Sean McAllister

Author: Sean McAllister

Documentary Filmmaker from Hull, England, specialises in giving the voiceless a voice

Love And Hate, part 2

I exited the women’s-only toilet on Japan’s fastest bullet train to be told by JR rail staff that I’d broken yet another golden rule. It’s great to be back in Japan, my Asian home!

Ive just spent the day in Kyoto with its beautiful temple gardens which stand in contrast to the chaos of city life in Tokyo but for me it is somehow cripplingly boring. But now it’s time to leave, and to be honest it couldn’t come soon enough for me. What a day.. caught between the hordes of tourists and all that tedious ancient temple life – I’m sorry but I can’t stand all the unbearable reverence and anyway, those Japanese gardens are simply far too tidy for me. The day just made me want to get measured-up for an extra-large kimono and run away. Which is funny because usually it’s the noise of Tokyo that kills me, but here it was the insane sterile silence and the over-orderliness of the people, excluding the odd clumsy British tourist of course.

Can some places simply be too perfect? But then, just when I’m thinking there really isn’t anything here for me here I read that Kyoto is in fact the veggie capital of Japan with an amazing total of 47 vegan restaurants! Now we are talking.. So I make quick notes of the best vegan lunch option and set out to find the place.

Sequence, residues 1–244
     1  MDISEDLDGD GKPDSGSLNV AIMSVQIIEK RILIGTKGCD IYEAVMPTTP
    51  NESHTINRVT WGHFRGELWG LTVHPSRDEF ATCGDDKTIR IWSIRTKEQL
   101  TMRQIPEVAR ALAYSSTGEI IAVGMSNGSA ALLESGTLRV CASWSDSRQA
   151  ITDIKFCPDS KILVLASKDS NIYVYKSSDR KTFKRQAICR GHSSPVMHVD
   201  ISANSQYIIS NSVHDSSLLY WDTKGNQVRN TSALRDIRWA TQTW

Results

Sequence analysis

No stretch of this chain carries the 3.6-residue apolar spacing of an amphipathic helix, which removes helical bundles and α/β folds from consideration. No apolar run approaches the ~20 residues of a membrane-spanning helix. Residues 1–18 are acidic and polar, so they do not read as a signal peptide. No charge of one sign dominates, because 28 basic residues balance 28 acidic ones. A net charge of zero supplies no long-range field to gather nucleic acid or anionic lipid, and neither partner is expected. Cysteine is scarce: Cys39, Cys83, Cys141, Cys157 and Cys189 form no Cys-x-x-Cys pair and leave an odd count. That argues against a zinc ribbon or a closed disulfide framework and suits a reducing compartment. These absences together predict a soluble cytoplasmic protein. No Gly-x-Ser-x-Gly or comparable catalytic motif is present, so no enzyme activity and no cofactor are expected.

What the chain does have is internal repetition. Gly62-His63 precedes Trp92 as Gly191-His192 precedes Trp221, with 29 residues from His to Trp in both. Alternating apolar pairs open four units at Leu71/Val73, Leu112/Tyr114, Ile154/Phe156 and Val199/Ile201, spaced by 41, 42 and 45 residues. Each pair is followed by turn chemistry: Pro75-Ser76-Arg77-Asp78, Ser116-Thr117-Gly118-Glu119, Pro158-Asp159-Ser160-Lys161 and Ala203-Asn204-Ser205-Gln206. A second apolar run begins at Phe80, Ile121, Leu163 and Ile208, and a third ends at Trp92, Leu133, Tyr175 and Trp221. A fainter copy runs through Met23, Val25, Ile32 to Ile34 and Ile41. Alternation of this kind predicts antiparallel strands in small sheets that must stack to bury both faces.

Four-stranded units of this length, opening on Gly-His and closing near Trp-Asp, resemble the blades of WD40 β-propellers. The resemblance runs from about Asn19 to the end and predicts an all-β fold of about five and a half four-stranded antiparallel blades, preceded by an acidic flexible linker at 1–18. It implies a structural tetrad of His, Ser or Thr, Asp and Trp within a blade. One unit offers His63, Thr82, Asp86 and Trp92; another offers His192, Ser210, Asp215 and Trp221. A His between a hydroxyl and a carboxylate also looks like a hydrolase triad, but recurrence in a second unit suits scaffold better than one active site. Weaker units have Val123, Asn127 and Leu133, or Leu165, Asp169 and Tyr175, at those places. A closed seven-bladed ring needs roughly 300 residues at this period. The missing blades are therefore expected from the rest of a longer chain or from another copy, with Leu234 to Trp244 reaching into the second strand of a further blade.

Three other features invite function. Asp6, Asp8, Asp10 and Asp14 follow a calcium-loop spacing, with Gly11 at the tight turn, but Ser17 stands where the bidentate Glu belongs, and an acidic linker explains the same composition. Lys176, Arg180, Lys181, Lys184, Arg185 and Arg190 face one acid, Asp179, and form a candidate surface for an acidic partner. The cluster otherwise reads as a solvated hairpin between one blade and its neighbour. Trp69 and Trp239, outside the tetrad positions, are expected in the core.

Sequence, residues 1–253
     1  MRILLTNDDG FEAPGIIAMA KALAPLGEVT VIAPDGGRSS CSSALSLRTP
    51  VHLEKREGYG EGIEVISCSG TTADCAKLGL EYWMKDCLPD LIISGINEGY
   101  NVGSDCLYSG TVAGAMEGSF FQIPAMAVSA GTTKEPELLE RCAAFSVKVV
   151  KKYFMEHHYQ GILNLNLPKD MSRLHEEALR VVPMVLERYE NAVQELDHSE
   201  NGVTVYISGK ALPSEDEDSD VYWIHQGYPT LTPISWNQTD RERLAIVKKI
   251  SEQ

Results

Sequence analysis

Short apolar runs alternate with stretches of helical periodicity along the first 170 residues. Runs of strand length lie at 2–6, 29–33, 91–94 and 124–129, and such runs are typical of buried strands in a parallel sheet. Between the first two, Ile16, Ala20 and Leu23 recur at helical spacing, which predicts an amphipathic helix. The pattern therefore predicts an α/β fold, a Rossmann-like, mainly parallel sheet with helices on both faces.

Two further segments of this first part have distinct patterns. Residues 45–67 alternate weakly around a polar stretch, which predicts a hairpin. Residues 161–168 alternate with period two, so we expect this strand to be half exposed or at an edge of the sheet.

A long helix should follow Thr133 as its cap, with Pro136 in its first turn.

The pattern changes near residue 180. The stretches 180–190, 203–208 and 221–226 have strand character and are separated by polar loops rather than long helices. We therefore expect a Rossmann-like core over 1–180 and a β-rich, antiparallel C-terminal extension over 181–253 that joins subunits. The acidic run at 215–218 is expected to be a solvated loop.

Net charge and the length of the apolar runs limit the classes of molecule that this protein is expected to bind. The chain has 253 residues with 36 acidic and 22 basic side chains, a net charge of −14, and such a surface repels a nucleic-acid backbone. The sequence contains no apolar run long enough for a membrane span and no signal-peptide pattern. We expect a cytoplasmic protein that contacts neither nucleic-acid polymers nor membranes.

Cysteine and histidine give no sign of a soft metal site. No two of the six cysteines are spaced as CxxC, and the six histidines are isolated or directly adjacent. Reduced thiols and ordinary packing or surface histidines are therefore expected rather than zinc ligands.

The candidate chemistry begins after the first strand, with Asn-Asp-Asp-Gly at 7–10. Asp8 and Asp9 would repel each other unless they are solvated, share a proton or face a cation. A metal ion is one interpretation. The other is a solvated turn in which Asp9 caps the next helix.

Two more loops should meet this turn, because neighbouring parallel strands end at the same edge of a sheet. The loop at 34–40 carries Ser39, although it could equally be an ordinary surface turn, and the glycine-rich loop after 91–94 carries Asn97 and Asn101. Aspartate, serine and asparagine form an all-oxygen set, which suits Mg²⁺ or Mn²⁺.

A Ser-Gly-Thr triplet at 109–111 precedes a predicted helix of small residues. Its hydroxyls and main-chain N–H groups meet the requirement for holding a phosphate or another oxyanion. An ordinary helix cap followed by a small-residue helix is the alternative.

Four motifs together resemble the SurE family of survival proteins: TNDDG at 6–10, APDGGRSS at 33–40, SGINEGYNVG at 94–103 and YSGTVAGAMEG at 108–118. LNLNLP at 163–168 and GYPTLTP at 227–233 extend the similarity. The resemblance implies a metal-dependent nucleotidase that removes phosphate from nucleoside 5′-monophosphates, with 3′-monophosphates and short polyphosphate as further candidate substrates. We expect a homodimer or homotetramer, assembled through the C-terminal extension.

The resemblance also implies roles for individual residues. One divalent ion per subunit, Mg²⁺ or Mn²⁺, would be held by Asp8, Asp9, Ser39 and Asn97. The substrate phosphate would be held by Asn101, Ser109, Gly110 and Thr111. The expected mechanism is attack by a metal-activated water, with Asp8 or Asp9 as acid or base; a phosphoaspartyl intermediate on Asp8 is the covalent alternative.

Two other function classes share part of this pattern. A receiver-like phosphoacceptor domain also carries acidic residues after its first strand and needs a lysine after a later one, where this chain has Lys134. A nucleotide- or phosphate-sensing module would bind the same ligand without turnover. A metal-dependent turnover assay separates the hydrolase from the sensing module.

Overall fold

But in my excitement I forget the maze of winding streets and narrow lanes that Japan is and I am soon lost again. Getting directions this way and then that .. I find myself rediscovering that ‘love and hate’ feeling I have with Japan. I remember that (at least for me) to purposely seek something out here isn’t the way to go. I remember I must go with the flow and accept whatever comes my way.

My veggie dream dashed I skip lunch altogether and decide to get the bullet train to Hiroshima – I see a place selling beer and order the only thing on the menu that is vegetarian… Chips! Yes, Sean san is back in style… drinking beer and eating chips – again.

Greece is crying

A 10 year old boy fights with his 7 year old sister who’s been beating the younger 3 year old girl. They fight around 3 large suitcases presumably their lifelong belongings against the backdrop of the Acropolis, the ancient ruins of an ancient more hopeful Greece.

But here today, in austerity Greece the boy is now the head of what appears to be an abandoned family, he takes charge and claims authority whilst his mother and father are nowhere to be seen, they will probably have left to search for work or for food, I have no idea if they will return. This is not a normal sight but neither, it appears, is it unusual enough for passers-by to stop and offer any help…